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Efficiency and fairness require paying full compensation to property owners when their property is taken by eminent domain. Yet, to date, the evidentiary challenge of proving subjective value has proved insurmountable, and current law requires condemnees to settle for fair market value. This Article proposes a self-assessment mechanism that can make full compensation at subjective value practical. Under our proposal, property owners must be given the opportunity to state the value of the property designated for condemnation. Once property owners name their price, the government can take the property only at that price. However, if the government chooses not to take and pay, the property will become subject to two restrictions. First, for seventy years, the property cannot be sold for less than the self-assessed price; if the property is transferred for less, the owner will have to pay the difference to the government. Second, the self-assessed price - discounted to take account of the peculiarities of property tax assessments - will become the benchmark for the owner's property tax liability. These dual burdens of partial inalienability and enhanced tax liability will induce honest reporting by owners, while reducing the transaction costs created by the compensation process. The Article sketches several refinements of and limitations on this mechanism in order to improve its accuracy and prevent both the government and property owners from abusing it. We demonstrate that, properly used, our self-assessment mechanism can dramatically enhance the efficiency and fairness of eminent domain proceedings, and may even be extended to regulatory takings.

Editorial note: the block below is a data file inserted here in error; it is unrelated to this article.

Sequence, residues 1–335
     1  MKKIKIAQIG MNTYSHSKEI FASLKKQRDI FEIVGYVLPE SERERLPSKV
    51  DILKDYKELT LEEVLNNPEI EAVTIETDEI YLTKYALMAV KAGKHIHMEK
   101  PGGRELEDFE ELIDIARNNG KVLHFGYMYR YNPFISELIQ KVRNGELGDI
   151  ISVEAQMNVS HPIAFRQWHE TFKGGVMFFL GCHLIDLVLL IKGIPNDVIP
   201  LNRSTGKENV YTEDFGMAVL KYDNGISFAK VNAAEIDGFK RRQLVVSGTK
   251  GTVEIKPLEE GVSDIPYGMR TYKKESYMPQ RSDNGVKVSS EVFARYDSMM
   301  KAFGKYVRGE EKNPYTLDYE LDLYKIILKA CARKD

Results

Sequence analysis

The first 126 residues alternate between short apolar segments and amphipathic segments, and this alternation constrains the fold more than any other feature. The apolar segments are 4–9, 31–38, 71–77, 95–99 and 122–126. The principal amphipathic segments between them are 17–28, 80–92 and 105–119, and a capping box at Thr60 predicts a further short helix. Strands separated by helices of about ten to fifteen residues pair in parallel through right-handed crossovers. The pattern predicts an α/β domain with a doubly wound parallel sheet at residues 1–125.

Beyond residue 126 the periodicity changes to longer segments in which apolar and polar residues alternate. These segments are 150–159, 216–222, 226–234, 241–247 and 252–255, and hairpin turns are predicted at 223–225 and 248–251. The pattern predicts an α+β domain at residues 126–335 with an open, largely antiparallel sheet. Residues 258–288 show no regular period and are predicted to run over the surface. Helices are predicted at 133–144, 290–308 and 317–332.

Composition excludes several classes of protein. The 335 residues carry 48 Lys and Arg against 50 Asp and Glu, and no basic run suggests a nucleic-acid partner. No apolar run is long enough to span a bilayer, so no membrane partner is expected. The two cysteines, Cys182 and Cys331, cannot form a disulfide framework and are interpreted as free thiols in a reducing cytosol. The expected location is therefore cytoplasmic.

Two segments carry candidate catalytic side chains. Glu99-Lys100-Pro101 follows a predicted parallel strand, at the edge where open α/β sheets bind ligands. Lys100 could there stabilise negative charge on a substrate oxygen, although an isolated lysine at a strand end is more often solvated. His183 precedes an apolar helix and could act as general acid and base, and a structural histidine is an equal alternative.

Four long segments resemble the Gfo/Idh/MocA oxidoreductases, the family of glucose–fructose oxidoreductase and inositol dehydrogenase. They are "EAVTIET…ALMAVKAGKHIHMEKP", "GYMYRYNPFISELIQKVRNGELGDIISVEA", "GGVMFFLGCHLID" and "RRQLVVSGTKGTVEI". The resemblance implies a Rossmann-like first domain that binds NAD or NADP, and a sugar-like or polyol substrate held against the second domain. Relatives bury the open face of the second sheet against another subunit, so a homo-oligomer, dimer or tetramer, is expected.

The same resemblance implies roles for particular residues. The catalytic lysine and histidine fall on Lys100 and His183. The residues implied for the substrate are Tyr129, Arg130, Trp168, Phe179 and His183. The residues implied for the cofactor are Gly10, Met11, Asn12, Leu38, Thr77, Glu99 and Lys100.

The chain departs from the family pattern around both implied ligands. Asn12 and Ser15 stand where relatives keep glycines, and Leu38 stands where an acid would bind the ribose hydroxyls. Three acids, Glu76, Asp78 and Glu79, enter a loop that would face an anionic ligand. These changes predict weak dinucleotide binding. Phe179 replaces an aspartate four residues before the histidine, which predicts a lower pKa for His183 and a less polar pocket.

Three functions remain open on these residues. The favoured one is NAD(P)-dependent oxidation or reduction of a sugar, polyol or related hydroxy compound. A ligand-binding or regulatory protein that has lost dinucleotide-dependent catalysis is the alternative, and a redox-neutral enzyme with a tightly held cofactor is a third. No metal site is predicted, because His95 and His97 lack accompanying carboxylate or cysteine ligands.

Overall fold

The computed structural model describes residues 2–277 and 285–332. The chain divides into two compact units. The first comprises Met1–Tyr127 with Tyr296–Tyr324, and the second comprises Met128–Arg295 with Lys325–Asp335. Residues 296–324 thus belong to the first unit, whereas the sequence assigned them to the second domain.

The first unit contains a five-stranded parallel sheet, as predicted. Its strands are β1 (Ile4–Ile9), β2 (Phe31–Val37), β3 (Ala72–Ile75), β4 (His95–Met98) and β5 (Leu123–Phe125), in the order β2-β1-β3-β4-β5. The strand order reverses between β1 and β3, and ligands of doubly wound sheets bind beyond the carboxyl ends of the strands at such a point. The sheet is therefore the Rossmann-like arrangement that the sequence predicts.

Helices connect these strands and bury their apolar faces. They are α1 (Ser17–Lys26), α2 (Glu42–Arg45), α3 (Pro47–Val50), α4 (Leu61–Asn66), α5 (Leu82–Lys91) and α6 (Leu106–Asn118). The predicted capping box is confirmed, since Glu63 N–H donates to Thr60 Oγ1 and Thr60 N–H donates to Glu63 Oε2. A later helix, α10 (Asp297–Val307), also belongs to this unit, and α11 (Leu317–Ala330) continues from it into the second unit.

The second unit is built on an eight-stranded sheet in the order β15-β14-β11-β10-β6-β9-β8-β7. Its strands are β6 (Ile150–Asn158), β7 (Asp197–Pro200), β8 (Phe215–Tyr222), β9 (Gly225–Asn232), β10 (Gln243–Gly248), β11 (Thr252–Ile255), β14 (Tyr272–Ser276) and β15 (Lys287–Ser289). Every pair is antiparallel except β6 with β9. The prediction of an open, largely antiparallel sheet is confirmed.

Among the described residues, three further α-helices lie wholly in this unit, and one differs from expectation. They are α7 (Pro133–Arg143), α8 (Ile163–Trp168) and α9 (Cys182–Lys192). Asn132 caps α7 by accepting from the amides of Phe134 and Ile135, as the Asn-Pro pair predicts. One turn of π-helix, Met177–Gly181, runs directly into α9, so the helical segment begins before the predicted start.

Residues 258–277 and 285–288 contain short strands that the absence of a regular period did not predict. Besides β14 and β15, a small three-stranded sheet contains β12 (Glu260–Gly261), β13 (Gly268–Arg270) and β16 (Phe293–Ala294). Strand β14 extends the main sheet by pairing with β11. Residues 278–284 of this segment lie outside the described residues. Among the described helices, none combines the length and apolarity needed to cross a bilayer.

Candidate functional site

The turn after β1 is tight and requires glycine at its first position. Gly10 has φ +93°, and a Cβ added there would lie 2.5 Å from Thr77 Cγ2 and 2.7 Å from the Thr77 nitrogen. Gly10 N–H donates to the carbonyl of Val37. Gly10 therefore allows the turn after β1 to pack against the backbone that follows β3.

takings, compensation, eminent domain, self-assessment, just compensation, alienability, property tax, tax assessments